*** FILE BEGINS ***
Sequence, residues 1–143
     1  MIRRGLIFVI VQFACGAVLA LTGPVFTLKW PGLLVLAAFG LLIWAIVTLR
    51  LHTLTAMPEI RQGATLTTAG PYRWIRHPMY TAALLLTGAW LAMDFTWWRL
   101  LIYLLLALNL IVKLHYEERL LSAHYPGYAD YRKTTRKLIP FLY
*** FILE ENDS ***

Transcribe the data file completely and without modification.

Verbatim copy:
Sequence, residues 1–143
     1  MIRRGLIFVI VQFACGAVLA LTGPVFTLKW PGLLVLAAFG LLIWAIVTLR
    51  LHTLTAMPEI RQGATLTTAG PYRWIRHPMY TAALLLTGAW LAMDFTWWRL
   101  LIYLLLALNL IVKLHYEERL LSAHYPGYAD YRKTTRKLIP FLY